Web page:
This study quantified contralateral SIJ motion following unilateral SIJ stabilization with and without lumbosacral fixation. It was hypothesized that unilateral SIJ stabilization with L5–S1 fixation would result in hypermobility of the contralateral SIJ; however, there was no difference in SIJ ROM between fixated (left) and contralateral (right) joints in any loading direction (FE, LB, or AR). Unilateral SIJ stabilization without L5–S1 fixation did not increase contralateral SIJ ROM. Similarly, no difference in motion was observed in contralateral SIJ following unilateral stabilization compared to injury SIJ ROM and bilateral stabilization SIJ ROM. However, the fixated right SIJ of the bilateral stabilization group consistently had smaller ROM than the contralateral nonfixated right SIJ of the unilateral stabilization group in all loading directions with or without L5–S1 fixation. The reduction in ROM following bilateral stabilization compared to injury and unilateral stabilization is intuitive, as both the left and right SIJ are fixated.
Small magnitudes of SIJ ROM were observed for all loading directions, where the smallest ROM was observed in LB at approximately 0.2°. This further confirms the theory that the SIJ is inherently a stable joint [24]; therefore, motion reduction by large magnitudes would unfeasible. The joint’s inherent stability may be a reason why no significant difference was observed between stabilization groups. Prior studies have shown a reduction in fixated joint ROM following unilateral stabilization than a destabilized state in FE, LB, and AR [17,25]. However, contralateral (right) nonfixated SIJ ROM following unilateral stabilization was not significantly reduced compared to intact and not significantly different to that of the right fixated SIJ of the bilateral stabilization group for all loading directions [18], which are findings similar to that of this study. Notably, Lindsey et al. [18] used different SIJ fixation implants than those in this study (dowels versus screws), tested in single-leg stance, and did not model a destabilized SIJ state. Despite the differences in testing methods between studies, the reported statistical findings and magnitudes (<3° in FE, <1° in LB, and <2° in AR) of contralateral SIJ ROM following unilateral stabilization were similar.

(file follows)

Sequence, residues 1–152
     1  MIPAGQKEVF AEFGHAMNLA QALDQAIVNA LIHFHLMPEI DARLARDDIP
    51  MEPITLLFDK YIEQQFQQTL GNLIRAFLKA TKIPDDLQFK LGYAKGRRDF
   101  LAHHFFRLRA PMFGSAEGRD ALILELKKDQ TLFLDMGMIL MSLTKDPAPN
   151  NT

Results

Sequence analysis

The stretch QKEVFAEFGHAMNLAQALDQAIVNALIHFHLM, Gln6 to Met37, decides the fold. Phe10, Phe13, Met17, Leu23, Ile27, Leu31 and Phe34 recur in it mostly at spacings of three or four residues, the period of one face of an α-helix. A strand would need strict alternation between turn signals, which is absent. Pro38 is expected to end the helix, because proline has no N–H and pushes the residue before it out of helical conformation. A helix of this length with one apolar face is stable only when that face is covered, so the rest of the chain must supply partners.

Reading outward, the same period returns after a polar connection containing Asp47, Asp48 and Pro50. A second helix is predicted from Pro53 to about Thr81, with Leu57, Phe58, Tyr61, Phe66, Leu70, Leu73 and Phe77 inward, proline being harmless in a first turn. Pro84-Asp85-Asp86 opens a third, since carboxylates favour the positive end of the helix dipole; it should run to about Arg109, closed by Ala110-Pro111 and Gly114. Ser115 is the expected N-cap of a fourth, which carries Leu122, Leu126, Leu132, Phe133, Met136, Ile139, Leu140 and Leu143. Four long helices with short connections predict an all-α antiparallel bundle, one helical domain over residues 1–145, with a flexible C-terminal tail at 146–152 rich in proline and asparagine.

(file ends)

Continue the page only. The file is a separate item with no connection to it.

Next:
ROM reduction of the contralateral nonfixated (right) SIJ was similar to that of the fixated (left) SIJ; however, this was not as comparable to the amount of reduction of the fixated (right) SIJ, following bilateral stabilization (Table 1). This lack of hypermobility in the contralateral nonfixated (right) SIJ compared to the fixated (left) SIJ, following unilateral stabilization may result from ROM increase at L5–S1. However, the L5–S1 ROM following unilateral stabilization without L5–S1 fixation only increased by approximately 5% in all loading directions, agreeing with previous literature that SIJ fusion minimally affects adjacent lumbar segment motion [16]. The fusion of the fixated SIJ may affect the ROM of the contralateral SIJ; however, this study measured immediate postoperative stability. Additionally, the cutting of the iliosacral and posterior ligaments on the left-side increased motion compared to intact in both the left and right SIJ. Once the left SIJ was fixated, the motion in both the fixated (left) and nonfixated (right) SIJ decreased by approximately equal amounts in FE, LB, and AR. This may allude to the fact that SIJ ROM was mirrored between the two joints, and that stabilization of one joint does not necessarily lead to hypermobility of the contralateral joint. This study shows that biomechanics may not explain the instability found in the contralateral SIJ following unilateral stabilization, and there may be other lumbopelvic factors (demographic, clinical, or radiographic) that may lead to contralateral SIJ dysfunction.